The Connectivity Standards Alliance (CSA), formerly known as the Zigbee Alliance, an organization of hundreds of companies creating, maintaining, and delivering open, global standards for the Internet of Things (IoT), has announced Matter — the interoperable, secure connectivity standard for the future of the smart home.
The proliferation of connected objects continues to change the way we live, work, and play. From homes to offices, factories to hospitals, connected objects enable us to experience our environments in cohesive, interactive ways. Yet, for too long, disconnected platforms and disparate development paths have caused confusion for consumers and complicated processes for developers and innovators. Smart objects should be reliable, secure, and work together — this is the shared vision behind Project Connected Home over IP (CHIP), now known as the new standard, Matter.
Amazon, Apple, Comcast, Google, SmartThings, and the Connectivity Standards Alliance came together in 2019 to develop and promote this new standard, joined by fellow Alliance board member companies IKEA, Legrand, NXP Semiconductors, Resideo, Schneider Electric, Signify, Silicon Labs, Somfy, and Wulian. Now, there are more than 180 Member organizations of all sizes, across a range of business categories, and over 1700 Member individuals participating in bringing the Matter specification, reference implementations, testing tools and certification programs to life.
Matter is the unified IP-based connectivity protocol built on proven technologies, helping connect and build reliable, secure IoT ecosystems. This new technology and royalty-free connectivity standard enables communications among a wide range of smart devices. Matter is also a seal of approval, assuring that any object built on this standard is reliable by nature, secure by design, and compatible at scale.
Key technology attributes
Matter makes it easier for device manufacturers to build devices, and to ensure they are compatible with smart home and voice services such as Amazon’s Alexa, Apple’s HomeKit with Siri, Google’s Assistant, SmartThings, and others. The first specification release of the Matter protocol will run on existing networking technologies such as Ethernet (802.3), Wi-Fi (802.11), and Thread (802.15.4) and for ease of commissioning, Bluetooth Low Energy.
Other key attributes include:
- Simplicity – Easy to purchase and use. Simplifying connected experiences.
- Interoperability – Devices from multiple brands work natively together. Providing greater compatibility.
- Reliability – Consistent and responsive local connectivity.
- Security – Maintaining secure connections. Robust and streamlined for developers and users.
- Flexibility – Matter makes it easy for users to set up and control their devices with multiple ecosystems simultaneously.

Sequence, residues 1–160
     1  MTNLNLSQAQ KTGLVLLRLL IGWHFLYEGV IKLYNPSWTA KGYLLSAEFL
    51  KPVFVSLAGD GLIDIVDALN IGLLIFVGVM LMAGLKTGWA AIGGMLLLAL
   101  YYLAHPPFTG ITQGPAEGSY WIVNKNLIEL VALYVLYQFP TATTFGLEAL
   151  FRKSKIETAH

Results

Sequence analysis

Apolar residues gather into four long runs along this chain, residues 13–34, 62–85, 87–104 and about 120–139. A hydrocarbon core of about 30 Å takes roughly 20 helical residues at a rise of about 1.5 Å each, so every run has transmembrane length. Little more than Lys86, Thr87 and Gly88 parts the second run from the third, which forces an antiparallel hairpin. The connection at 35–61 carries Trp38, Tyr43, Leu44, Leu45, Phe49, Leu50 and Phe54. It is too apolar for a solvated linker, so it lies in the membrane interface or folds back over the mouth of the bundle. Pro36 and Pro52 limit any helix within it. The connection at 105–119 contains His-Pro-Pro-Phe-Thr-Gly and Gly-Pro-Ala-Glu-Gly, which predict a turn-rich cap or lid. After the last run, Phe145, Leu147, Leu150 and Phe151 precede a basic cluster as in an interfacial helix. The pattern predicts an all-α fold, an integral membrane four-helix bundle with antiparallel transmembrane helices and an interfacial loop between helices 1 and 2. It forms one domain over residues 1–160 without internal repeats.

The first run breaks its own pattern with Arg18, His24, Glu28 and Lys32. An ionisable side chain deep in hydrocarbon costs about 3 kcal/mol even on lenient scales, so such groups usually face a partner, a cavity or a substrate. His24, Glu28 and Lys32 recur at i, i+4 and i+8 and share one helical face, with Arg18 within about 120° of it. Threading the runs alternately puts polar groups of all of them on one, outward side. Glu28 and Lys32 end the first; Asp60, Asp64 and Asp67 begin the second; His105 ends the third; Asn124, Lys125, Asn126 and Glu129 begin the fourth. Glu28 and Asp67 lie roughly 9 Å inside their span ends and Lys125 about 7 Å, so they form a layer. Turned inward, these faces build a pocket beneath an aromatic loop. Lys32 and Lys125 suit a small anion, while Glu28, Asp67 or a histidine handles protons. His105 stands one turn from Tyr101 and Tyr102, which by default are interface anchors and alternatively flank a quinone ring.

With Matter, consumers and businesses can choose the brands they want in their smart home or commercial building and be confident they will work seamlessly. Homeowners, and especially those living in a smart home with multiple devices like smart locks, thermostats or smart speakers, can add new devices with a Matter mark using a simple setup code to connect their home as one. Businesses, particularly those that rely on connectivity, can count on one network to keep their operations running smoothly.
Key for developers is that Matter isn’t only a specification — it also offers an open-source reference implementation in parallel. This drives tangible benefits for developers including: faster time to market, reduced reliance on single-vendor stacks, improved quality since they can access multiple use cases to test against, and increased security with full transparency into the community’s ability to identify and commit patches.
Products with the Matter mark connect securely with more devices, more reliably than ever. The Matter mark will serve as a seal of approval, taking the guesswork out of the purchasing process and allowing businesses and consumers alike to choose from a wider array of brands to create secure and connected homes and buildings.
In early May, the feature-complete base specification was approved by the Matter Working Group. Reaching this milestone gives Members a definition of the major features to build out the open-source implementation and test the specification.
With this, the project is currently on track to see first devices through certification in late 2021, depending on manufacturer go-to-market plans. Devices targeted for launch include lighting and electrical (e.g., light bulbs, luminaires, controls, plugs, outlets), HVAC controls (e.g., thermostats, AC units), access controls (e.g., door locks, garage doors), safety and security (e.g., sensors, detectors, security systems), window coverings/shades, TVs, access points, bridges, and others.
Members poised to be early adopters of Matter include: Amazon, ASSA ABLOY, Comcast, Espressif Systems, Eve Systems, Google, Grundfos Holding A/S, Huawei, Infineon Technologies, LEEDARSON, Legrand, Nanoleaf, Nordic Semiconductor, NXP Semiconductors, Qorvo, Resideo, Schlage, Schneider Electric, Signify, Silicon Labs, SmartThings, Somfy, STMicroelectronics, Texas Instruments, Tuya Smart, ubisys, Wulian, and Zumtobel Group.
Companies interested in accessing the specification and building devices with Matter can join the Connectivity Standards Alliance.
For more information, visit www.buildwithmatter.com.